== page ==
In a week where taxi drivers around the world went on strike against Uber, and Airbnb announced an anticipated 120,000 visitor stays for the World Cup in Brazil, this post looks at the growing number of “collaborative consumption” startups in Asia and the legal and commercial challenges they will have to overcome to succeed in the region.
What is “collaborative consumption”?
Collaborative consumption (aka “the sharing economy” or “peer to peer”) is a broad term used to describe the shared creation, supply and consumption of goods and services. Typically it involves the use of technology platforms (usually the internet) to link supply and demand, enabling supply-side and demand-side to share resources and capacity in an efficient way.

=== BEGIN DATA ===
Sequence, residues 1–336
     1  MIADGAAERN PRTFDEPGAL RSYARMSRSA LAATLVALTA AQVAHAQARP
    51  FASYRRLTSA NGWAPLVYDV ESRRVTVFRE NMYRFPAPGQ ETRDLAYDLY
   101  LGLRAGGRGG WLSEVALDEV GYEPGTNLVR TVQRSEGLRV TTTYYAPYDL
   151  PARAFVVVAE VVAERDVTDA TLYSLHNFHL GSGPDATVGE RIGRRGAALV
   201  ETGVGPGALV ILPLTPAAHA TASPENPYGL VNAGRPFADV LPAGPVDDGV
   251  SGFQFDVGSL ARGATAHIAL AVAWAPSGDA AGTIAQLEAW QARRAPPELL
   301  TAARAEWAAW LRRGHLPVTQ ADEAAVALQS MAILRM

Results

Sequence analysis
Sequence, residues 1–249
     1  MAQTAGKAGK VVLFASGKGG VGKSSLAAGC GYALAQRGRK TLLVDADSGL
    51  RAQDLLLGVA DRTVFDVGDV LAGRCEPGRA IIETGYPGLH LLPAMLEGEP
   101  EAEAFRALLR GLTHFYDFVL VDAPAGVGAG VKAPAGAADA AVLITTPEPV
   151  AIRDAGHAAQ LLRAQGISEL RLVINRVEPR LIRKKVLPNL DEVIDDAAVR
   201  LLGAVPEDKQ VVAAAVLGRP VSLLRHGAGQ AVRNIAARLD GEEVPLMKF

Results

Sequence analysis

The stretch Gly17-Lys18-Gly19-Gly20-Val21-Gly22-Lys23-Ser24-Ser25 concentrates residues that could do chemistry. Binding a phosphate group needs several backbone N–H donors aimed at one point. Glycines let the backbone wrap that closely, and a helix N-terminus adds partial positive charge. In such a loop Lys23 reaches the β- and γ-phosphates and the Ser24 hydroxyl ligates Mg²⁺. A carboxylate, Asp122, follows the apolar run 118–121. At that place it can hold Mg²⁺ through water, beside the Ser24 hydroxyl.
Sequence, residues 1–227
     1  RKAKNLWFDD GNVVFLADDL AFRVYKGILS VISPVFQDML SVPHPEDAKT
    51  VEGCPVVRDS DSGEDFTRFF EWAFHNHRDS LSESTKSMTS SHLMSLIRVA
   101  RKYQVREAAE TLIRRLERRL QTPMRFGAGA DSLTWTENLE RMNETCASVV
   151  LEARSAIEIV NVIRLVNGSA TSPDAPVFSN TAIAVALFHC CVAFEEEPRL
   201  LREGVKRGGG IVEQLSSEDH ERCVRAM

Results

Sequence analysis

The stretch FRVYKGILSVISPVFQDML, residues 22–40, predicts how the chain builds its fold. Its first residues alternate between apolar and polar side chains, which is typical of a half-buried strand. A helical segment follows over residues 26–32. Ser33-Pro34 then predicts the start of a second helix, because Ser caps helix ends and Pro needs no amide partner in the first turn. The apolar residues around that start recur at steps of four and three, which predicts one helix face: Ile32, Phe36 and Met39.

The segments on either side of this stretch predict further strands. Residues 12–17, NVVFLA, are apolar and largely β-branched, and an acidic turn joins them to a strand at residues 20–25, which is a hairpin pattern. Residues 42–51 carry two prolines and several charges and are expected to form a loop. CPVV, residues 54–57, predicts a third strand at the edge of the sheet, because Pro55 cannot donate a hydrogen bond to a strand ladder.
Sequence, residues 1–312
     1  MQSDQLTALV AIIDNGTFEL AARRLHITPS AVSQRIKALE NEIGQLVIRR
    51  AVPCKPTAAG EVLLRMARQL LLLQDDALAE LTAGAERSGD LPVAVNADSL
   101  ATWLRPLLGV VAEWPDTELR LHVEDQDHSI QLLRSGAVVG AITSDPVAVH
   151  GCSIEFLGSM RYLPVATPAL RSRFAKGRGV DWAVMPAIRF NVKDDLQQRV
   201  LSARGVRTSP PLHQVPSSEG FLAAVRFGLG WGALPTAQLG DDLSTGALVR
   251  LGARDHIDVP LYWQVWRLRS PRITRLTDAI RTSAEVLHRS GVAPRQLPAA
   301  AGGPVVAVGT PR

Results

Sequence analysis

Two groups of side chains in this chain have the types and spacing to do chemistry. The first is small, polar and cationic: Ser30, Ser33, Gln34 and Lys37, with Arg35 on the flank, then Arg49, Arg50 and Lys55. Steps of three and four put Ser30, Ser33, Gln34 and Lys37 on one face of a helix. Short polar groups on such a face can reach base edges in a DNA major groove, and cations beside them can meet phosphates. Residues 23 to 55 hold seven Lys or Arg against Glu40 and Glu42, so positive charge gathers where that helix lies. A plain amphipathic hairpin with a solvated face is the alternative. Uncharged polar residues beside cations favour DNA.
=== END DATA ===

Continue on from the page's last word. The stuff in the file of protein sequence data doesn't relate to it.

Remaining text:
That’s the concept but it is perhaps best explained by way of example, with reference to arguably the two most disruptive collaborative consumption companies today: Uber and Airbnb. As most readers will be aware, Uber connects passengers with drivers in most major global cities, whilst Airbnb links people with temporary accommodation. If you’ve used either of those services, or any like them, then you’re already part of a new generation of collaborative consumers…
Click here to read the full blog post at ConnectedAsia, and see what is driving collaborative consumption in Asia…
- An opportunity for the Airbnb of Asia? - June 16, 2014
- The convergence of social and e-commerce continues apace in Asia. - February 24, 2014
- Guest blog: The battle for World Cup TV rights isn’t over yet - January 31, 2014